> Date: 20 Nov 95 22:26:33 EST
> From: Judith Economos <JEconomo@rcs-hqcc.mhs.compuserve.com>
sh> Ask yourself this question: If someone were trying to build a robot that
sh> could do what we can do -- get about in the world, learn, categorise,
sh> name, describe, respond to descriptions -- how much would it help him in
sh> his project if Skinner told him that the robot's behaviour is shaped by
sh> its consequences, by its history of rewards and punishments?
je: It would suggest to him that he didn't need to know how it was done
je: if he'd build an alife machine and put it through evolution and
je: select ruthlessly for certain kinds of behavior, and got
je: categorization: that's how it would help.
By fumble-and-find combinatorics? Lots of luck! You may as well tell a
would-be airplane designer (before the Wright Bros.) the same thing:
Here's how you do it: Encode the environment (somehow), encode
the genome (somehow) and set Alife going: It'll eventually evolve the
Wright Bros., who will come up with the plane design...
I think a roboticist would want something more, ahem, helpful than
je: It would say "I don't
je: know the chemistry of building an apple pie out of atoms, but I
je: can give you the recipe for making an apple pie out of apples and
je: sugar and salt and so on (there's a lot of so on)".
A levels-of-analysis problem here: People make apple pies, and if the
question is how to make an apple pie, the answer's around. Nature (so
far) is the only maker of systems with our behavioural capacities, so
no one has the recipe. The recipe need not speak of atoms, just what it
takes to make systems that can do what we can do. Ditto for airplanes
(to be able to fly one, or to be able to give its flight history, is
not to know how it works).
je: I agree with you that
je: Skinner was trying to rescue psychology from a mess of subjective,
je: unverifiable, speculative and bootless "theorizing". As is usually the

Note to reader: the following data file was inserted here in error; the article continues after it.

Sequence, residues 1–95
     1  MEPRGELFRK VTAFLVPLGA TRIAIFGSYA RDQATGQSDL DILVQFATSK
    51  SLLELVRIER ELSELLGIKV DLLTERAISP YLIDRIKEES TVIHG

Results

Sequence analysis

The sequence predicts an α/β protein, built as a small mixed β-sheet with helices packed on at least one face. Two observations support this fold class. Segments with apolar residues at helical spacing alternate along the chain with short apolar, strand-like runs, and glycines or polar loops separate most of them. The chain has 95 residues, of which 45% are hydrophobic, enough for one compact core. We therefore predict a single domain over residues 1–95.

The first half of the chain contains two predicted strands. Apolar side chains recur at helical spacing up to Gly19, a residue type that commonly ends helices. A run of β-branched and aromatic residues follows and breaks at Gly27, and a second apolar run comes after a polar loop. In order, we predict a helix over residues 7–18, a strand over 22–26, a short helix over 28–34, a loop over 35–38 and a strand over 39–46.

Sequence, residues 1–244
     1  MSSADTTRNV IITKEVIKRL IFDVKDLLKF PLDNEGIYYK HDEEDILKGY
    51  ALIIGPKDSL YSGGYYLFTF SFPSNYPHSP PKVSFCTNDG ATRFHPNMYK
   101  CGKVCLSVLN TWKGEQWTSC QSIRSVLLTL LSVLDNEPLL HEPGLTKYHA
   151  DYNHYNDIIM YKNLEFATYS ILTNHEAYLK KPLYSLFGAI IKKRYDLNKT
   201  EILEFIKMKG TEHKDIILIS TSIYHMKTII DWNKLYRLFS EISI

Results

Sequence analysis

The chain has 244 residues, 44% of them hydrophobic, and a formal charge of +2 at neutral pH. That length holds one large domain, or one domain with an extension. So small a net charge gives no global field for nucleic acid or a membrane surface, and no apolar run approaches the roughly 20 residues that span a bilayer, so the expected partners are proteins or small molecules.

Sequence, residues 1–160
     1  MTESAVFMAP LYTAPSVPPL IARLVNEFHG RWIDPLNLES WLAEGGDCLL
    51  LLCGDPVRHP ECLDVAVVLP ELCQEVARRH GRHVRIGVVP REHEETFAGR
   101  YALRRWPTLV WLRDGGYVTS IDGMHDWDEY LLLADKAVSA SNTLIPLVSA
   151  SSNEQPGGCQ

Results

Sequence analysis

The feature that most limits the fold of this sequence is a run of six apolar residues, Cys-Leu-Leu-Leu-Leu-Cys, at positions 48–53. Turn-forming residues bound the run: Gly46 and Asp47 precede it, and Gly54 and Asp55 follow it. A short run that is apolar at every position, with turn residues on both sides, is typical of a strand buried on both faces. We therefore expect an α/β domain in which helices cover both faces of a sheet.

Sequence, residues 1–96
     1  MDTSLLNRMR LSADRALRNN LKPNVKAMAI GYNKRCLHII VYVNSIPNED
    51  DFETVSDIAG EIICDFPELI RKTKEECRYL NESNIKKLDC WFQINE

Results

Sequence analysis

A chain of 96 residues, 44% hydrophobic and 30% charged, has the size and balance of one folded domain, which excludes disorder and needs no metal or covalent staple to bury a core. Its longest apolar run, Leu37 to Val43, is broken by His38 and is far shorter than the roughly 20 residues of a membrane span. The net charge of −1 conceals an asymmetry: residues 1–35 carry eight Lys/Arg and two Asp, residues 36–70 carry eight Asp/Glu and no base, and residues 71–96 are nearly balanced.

je: case with revolutionaries (reactionaries) he went too far, and threw out
je: possible babies with the dirty bathwater. His job was to see how far you
je: could take descriptive, observable science of animal behavior and I
je: expect he would say it could still go farther. But while there is
je: no reason some of the plenitude of students should not pursue his
je: program if they want to, it is probably out of date and out of favor,
je: and most of them will probably want to use more modern techniques.
je: But this does not make him less than salutary and bracing to study,
je: and he did some memorable experiments with amazing results. Besides
je: which, he turned into a world-class eccentric as good as Russell
I am less impressed by what Skinner did and found. Neither his findings
nor his concepts were very broad or deep; their reach far exceeded
their grasp, while giving the opposite impression. Rather than stay in
that rut, I think it's better if students keep the little from the
behaviourist legacy that was valid (that the psychologist's data will
always be behavioural data) and reject the rest (that the data would
speak for themselves, and that there is something wrong with
theorising about internal causes: indeed, theorising about internal
causes is what it is all about, as long as the causes are physical and
functional, rather than mental).
This archive was generated by hypermail 2b30 : Tue Feb 13 2001 - 16:23:56 GMT